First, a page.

Inflation, interest rate hikes, and the declining freight market conspired to curtail mergers and acquisitions in the transportation and logistics (T&L) space in 2023, with transactions and transaction values both down year-over-year, according to a new M&A report from advisory firm The Tenney Group released Monday.
“That difficulty in the market was absolutely real, but we found that if we’re committed to being creative, cooperative, and flexible, we can get deals done—because there were fewer buyers there as well,” Dan Carpenter, Trimac vice president of finance and business development, explained in a special edition of The Hot Seat with Spencer Tenney, Tenney Group CEO, aired in conjunction with the company’s 2024 annual report.
Niche players like Trimac, who expertly structured acquisition deals, still rode the valuation “rollercoaster” to new highs in 2023. But Tenney expects more buyers and sellers to enter the M&A fray this year, generating more opportunities for everyone to participate, thanks to a “recovering” freight market, “normalized” equipment values, and potential interest rate reductions all combining to encourage consensus.
“We feel very strongly that 2024 is going to create a lot of opportunities because sellers have been conditioned to get back to where they need to be, and the pain points in the market, as far as the increasing costs, have created a certain level of urgency for buyers to come to the table in a very fair-minded and effective way to get something done, and they have more competition,” Spencer said in a Jan. 18 webinar produced in assocation with the Truckload Carriers Association.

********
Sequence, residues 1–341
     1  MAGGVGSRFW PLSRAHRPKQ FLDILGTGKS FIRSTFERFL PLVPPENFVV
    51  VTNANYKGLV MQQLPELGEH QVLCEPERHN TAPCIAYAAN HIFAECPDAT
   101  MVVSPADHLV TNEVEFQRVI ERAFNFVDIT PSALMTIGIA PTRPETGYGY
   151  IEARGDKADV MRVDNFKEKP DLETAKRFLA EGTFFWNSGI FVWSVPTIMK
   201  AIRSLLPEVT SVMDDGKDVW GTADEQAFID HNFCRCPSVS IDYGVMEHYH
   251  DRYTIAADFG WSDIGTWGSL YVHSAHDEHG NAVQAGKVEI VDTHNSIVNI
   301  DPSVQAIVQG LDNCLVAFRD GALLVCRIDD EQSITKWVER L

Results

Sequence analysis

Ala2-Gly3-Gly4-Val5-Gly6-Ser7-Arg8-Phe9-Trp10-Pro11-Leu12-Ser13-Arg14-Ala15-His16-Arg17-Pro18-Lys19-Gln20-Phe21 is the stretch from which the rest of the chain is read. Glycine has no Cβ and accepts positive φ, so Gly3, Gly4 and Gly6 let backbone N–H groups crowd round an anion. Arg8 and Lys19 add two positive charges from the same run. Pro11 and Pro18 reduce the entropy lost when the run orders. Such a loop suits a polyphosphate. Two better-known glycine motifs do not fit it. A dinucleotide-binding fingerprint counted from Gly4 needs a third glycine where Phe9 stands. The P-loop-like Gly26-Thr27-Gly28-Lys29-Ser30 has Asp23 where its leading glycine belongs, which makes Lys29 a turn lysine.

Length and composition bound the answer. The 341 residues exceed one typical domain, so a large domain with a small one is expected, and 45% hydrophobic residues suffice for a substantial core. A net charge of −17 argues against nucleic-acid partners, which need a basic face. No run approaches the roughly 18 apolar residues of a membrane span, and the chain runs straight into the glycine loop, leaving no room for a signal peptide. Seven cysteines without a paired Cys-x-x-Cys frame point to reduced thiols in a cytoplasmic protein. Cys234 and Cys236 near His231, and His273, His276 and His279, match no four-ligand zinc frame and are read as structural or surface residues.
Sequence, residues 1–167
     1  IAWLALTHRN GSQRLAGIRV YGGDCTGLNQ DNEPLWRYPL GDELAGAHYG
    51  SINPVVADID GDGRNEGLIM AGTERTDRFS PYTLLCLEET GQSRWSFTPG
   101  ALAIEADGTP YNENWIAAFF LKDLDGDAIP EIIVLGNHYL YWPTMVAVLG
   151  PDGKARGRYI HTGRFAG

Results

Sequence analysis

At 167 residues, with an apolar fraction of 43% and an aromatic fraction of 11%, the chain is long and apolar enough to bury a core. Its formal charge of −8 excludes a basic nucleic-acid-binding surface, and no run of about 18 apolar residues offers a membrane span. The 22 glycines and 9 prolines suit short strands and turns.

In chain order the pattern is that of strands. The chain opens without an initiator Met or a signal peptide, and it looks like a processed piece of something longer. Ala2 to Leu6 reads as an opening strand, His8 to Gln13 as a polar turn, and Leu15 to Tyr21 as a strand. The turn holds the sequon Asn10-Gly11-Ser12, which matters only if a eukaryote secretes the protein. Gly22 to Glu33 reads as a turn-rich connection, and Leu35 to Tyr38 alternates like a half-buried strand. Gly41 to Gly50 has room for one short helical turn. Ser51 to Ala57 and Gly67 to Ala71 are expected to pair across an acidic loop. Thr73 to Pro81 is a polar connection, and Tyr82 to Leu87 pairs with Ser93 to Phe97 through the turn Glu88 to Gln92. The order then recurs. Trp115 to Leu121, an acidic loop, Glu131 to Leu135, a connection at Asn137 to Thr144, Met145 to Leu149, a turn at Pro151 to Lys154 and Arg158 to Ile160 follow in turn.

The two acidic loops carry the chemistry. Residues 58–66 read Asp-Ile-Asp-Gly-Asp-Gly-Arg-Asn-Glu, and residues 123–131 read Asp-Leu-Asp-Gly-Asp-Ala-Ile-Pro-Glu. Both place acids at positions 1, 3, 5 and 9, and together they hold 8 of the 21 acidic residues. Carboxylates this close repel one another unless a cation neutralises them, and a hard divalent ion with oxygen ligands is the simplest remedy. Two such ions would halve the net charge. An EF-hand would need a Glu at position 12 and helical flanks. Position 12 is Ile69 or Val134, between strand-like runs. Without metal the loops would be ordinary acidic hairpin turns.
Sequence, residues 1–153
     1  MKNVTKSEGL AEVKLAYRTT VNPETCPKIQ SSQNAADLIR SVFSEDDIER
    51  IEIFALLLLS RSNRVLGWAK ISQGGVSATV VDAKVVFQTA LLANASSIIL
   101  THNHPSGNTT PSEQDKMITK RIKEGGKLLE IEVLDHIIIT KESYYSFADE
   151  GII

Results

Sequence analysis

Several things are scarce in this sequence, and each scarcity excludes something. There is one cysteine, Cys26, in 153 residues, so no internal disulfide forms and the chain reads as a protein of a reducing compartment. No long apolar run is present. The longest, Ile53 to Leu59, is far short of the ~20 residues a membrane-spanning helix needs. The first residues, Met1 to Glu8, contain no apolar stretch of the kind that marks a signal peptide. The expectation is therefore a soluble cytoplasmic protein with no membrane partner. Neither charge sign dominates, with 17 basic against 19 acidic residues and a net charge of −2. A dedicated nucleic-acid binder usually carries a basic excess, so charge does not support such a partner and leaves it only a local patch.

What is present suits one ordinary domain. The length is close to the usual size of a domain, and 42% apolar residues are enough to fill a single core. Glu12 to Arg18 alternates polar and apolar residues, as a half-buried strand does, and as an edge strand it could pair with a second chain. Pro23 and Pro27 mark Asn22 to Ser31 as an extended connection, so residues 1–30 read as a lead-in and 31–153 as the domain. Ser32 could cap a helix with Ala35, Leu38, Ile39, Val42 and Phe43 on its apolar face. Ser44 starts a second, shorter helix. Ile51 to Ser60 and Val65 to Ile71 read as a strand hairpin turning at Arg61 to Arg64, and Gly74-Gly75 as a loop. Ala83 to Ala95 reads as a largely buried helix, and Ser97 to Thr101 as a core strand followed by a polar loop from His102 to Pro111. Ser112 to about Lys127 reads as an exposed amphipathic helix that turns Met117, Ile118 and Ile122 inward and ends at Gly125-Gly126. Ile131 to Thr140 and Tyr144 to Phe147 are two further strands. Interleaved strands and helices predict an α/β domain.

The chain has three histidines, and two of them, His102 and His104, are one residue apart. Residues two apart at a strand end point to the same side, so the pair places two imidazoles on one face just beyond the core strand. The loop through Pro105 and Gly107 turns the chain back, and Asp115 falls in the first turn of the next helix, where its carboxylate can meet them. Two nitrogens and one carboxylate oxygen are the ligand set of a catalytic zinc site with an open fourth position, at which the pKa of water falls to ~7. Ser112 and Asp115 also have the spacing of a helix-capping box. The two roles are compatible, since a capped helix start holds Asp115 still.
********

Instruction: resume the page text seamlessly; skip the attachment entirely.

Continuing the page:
“We’ve never had more competition as far as new buyers entering the space, so we think there will be more buyers and more sellers—and, as a result of that, we’ll go to the point of valuation alignment much easier.”
Carpenter concurred, saying M&A activity already is spiking in the bulk sector.
“We have a number of LOIs [letters of intent] and exclusivity processes we’re already involved in,” he maintained. “I expect to meet last year’s output by the end of the first quarter. We have a lot of pent-up opportunities. In fact, we probably have more deals than we have capital to spend, [or] room on the balance sheet.”
Short supply of sellers
The total transaction value of last year’s deals was 82% lower than in 2022, Spencer said, citing data from market intelligence platform Capital IQ; and total transaction activity was down 33% year-over-year. Carpenter attributed the decline to an expectations gap after a “record year” for many trucking companies in 2022. Still buyers and sellers came together for several notable deals, including Trimac’s acquisition of Doyle Sims & Sons Trucking, and Dupré Logistics’ pickup of Interstate Transport, both facilitated by Tenney.